Many would wish to see a governor insulated for ages from the people, than a rogue who eats with the people but poison them after each meal. Yet, Jogunomi should not be treated with kid gloves. He is underrated to the peril of the masses. For a nation which moral values continue to dwindle, it is easy to promote Obafemi Martins as a national hero than talking about the great books of the late sage, Obafemi Awolowo. However, as the Yoruba saying goes, even when a man is crying, his vision is not blurred. In the first place, Ekiti people passed through horror chamber for three and half years. Under his reign, Ekiti had three deputy governors, three Secretaries to the State government, and four Speakers of the House of Assembly. His tenure was painted with blood, tears and pains unleashed on the people. How can the people forget so easily that Dr Ayo Daramola was murdered in cold blood during the reign of Jogunomi? How can the people lose their sense of history, that he was said to have personally supervised the murder of Mr Tunde Omojola, at Ifaki-Ekiti? One dreadful night, Kehinde Fasubaa was killed. His twin brother, Taye Fasubaa, escaped the bullets of the assassins. A former member of the House of Assembly who worked with him told me Jogunomi had no respect for the state’s Tenders Board. He handed cash to contractors and took his 10 percent right in the presence of his retinue of aides and leisure girls. Most weekends in his horrendous era, the state house was converted to sex camps with young girls as objects. “Any time the state collected the monthly allocation, he would meet the Accountant General and begin to beat his head with his two hands, shouting, “E o mi ti deeee!” meaning that “my money has come.” He was said to have stuck his walking stick in the stomach of one of the first class traditional rulers in the state telling him that “you claim you are not enjoying my government, look at your big stomach?” One source said during his reign, ‘coke, guns, sex and drugs’ were the four words that defined the social aspect of Ekiti statecraft. It is yet to be understood why the PDP decided to get stuck in this self-defeatist mud. As it is, the June 21 election is going to be a test of the integrity for the people of Ekiti and the Yoruba nation at large, for it is better to die than to live as slaves. It is going to be the standard to measure the future of democracy in Nigeria and of course, the index to assess the capacity of the Yoruba people to sustain the progressive tradition that took 500 years to build. As at now, we can only hope that June 21 does not become June 12.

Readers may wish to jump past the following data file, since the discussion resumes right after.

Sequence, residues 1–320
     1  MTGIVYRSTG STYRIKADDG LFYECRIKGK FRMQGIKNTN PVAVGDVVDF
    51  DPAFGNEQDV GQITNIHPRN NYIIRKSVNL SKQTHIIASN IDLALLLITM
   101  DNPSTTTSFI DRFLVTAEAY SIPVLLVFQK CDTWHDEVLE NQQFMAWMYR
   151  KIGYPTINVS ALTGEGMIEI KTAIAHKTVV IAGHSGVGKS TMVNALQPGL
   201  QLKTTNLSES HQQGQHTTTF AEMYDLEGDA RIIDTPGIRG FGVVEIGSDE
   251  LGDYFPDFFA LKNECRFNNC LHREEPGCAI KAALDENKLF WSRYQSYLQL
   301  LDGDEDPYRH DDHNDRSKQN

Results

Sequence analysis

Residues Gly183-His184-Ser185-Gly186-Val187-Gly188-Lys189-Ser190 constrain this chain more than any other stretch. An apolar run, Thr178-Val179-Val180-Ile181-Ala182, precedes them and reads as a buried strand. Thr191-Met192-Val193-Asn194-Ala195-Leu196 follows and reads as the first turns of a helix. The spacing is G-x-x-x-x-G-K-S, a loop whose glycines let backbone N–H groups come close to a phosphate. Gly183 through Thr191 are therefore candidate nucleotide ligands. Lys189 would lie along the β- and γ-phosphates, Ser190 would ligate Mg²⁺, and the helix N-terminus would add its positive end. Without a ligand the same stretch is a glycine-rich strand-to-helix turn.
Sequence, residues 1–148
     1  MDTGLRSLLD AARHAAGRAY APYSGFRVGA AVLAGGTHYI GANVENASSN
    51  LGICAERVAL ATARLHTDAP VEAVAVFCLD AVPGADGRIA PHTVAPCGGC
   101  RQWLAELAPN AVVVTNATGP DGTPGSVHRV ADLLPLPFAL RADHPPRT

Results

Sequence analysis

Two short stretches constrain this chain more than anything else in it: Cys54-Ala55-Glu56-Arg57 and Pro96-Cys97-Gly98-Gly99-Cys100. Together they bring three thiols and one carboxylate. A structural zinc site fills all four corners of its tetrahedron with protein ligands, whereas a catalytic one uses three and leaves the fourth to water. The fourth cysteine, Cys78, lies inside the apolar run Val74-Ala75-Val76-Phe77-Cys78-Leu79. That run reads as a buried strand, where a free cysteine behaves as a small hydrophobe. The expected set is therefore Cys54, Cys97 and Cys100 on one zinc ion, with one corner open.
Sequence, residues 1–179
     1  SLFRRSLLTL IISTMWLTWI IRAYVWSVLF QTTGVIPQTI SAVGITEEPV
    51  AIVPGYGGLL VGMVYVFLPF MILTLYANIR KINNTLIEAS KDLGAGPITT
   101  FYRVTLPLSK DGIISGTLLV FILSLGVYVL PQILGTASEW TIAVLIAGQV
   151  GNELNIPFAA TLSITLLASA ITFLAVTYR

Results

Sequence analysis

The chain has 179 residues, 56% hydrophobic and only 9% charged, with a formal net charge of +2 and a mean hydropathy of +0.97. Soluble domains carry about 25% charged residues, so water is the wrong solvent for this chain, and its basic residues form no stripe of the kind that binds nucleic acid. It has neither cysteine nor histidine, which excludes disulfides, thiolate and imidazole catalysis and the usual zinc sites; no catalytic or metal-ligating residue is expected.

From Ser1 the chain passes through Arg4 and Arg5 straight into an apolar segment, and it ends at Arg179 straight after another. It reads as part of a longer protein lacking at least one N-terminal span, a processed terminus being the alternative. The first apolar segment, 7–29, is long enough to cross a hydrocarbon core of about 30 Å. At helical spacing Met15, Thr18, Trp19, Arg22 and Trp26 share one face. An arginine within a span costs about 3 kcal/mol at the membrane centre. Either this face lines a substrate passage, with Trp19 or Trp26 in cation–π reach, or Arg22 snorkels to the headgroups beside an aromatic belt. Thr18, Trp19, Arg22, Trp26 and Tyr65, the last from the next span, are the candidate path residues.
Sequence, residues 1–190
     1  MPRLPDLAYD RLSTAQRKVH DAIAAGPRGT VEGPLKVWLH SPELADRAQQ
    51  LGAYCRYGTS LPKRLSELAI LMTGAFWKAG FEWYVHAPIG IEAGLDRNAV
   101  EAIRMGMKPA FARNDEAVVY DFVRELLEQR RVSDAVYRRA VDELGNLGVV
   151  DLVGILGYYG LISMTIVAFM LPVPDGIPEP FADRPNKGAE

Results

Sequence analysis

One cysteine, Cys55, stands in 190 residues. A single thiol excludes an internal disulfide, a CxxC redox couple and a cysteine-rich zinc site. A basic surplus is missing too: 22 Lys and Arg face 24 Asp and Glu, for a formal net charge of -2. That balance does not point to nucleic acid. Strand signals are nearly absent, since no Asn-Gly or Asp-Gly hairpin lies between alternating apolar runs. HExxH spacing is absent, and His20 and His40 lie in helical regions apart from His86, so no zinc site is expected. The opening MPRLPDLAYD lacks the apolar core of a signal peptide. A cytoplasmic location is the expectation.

*Adeoye, an award-winning journalist, wrote this piece for WESTERN POST.